I came across Bill Bruford as part of U.K., although I didn't listen to them then. I may have mentioned before that I am very much of the curating style of music fan and I like to keep track of people so when two of U.K. turned up on Rock Goes To College sometime later I paid attention. Bill's clanging Roto Tom based drum sound was new to me, and they all seemed to be doing something slightly different with the sound of their instruments. Then I found the album 'One of a Kind' in a cut out bin for £1.99.
First track "Hell's Bells" still sounds like it's from another place, Holdsworth's opening solo with it's yawing vibrato and and the simple 11 note keyboard riff that repeats through the song set the tone for the rest of the album. One of my favourites has always been "The Abingdon Chasp", an Allan Holdsworth piece that was probably the first time I had heard bass guitar taking the lead in stating the theme of the piece, and to my mind is far more impressive than the slap bass solo at the start of 5G. For me the simplicity of the tunes allow the soloing space to expand to fill the gaps. Holdsworth complained in a magazine article that he hadn't been allowed to do much more than solo with U.K. and while Bruford were better he was still wheeled onto the mix to add flash rather than be integrated into the piece.
There had been an earlier album, with the same band 'Feels Good To Me', but the writing on 'One of A Kind had matured so far from this that it is odd that the Rock Goes to College show concentrates on it so much. There is a bootleg of the whole show that also features "Hell's Bells" and the two parts of "One Of A Kind", if anything Holdsworth's solo on the former is even more impressive than on record. Apparently it was the band's first gig.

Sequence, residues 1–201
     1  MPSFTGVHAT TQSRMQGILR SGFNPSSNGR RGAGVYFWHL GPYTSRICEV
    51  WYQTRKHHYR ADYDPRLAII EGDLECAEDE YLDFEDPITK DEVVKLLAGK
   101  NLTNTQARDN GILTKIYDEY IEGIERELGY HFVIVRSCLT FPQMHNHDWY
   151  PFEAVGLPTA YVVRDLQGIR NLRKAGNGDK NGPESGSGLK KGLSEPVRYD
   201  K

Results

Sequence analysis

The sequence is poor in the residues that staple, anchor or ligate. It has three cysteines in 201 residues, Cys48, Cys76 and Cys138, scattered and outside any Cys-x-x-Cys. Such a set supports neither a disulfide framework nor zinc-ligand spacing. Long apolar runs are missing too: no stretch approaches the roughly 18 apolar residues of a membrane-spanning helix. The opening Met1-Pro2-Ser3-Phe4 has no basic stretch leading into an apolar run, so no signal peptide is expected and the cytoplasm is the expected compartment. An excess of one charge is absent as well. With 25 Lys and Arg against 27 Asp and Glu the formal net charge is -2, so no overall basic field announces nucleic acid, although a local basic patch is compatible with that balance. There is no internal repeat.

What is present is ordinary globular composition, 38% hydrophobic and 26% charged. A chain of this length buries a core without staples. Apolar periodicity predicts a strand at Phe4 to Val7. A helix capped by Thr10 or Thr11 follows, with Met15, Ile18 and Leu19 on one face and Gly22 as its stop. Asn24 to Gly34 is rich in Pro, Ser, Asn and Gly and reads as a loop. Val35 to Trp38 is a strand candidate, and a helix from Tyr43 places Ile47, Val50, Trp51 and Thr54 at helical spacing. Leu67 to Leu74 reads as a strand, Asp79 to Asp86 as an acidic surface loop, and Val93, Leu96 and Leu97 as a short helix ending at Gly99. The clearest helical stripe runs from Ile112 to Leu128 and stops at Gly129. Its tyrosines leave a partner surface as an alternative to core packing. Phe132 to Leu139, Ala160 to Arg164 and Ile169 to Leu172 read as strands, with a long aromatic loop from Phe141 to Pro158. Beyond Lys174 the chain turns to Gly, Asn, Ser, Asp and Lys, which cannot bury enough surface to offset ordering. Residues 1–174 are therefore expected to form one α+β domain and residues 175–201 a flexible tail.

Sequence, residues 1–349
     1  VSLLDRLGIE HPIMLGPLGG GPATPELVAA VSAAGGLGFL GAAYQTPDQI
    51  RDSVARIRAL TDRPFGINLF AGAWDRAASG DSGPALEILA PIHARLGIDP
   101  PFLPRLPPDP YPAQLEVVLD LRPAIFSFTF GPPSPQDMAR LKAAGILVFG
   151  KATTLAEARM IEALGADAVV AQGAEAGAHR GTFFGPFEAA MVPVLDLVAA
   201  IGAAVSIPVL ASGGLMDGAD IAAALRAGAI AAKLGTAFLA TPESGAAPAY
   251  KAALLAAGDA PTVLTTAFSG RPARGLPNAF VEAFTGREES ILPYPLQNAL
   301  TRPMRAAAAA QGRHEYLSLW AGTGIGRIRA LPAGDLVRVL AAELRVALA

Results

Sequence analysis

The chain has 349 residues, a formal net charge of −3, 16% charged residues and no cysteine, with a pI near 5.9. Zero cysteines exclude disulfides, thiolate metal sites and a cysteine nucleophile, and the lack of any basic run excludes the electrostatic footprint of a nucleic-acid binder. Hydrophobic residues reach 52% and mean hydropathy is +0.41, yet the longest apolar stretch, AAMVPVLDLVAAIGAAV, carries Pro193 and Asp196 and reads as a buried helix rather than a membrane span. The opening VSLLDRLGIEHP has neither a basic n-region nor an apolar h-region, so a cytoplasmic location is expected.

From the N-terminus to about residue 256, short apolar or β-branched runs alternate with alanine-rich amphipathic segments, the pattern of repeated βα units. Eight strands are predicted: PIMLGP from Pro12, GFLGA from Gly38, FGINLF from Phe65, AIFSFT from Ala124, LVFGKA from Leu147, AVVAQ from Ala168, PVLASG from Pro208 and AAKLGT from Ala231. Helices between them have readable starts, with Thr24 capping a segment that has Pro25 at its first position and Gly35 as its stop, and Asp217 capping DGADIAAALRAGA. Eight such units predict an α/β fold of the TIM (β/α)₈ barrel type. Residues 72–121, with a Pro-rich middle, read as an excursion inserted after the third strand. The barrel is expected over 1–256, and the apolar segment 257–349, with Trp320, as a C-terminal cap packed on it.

In his autobiography Bill describes the trials of running the band, bringing bassist Jeff Berlin over from the US and carting Hammond Organs around, which explains Neil Murray's appearance on this OGWT segment promoting Feels Good To Me
I saw them play in Bath (The Pavilion?) in early 1980 supporting Brand X, who I hadn't learned to love yet. I was there for Bruford who were promoting their new album "Gradually Going Tornado". John Clark (the unknown John Clark) was doing a passable impression of AH and it turns out was his student. The band was good but to my recollection sounded like it was running out of steam. Not the band I had heard on TV the year before. Listening later to "The Bruford Tapes" a release of a radio show in New York reinforced this view of the Bath show.
That third album with John Clark replacing Holdsworth and more vocals isn't one I listen to often, for me the high point of this band was 'One Of A Kind'. The writing, playing and arranging all aligned in perfect combination and is one of the highlights of improvised rock or jazz rock fusion. I still listen to it regularly and find it as fresh as in 1979.
I saw John Clark again about 5 years later when I was dragged to a Cliff Richard concert by my partner, and there he was adding Holdsworth style solos to "Wired For Sound" and "Bachelor Boy". Dave Stewart cropped up on Top Of The Pops with Barbara Gaskin, Jeff Berlin wandered off into the darker reaches of Fusion, and I next saw Bill Bruford at Moles Club, Bath in 1981 with a band called Discipline who shortly after became the next iteration of King Crimson. My remembrances of Allan Holdsworth are here.
For a view from the trenches of life in music from the 70s to the new century I unreservedly recommend Bill Bruford's autobiography. The fact that he has played on so much of my favourite music and played with people who I like may influence that view. He has some interesting opinions on the business of music as well.
There is a great acoustic version of One Of a Kind rounding off the Earthworks album 'Random Acts of Happiness' which I almost love more than the original.
Buy Bill Bruford's music at Burning Shed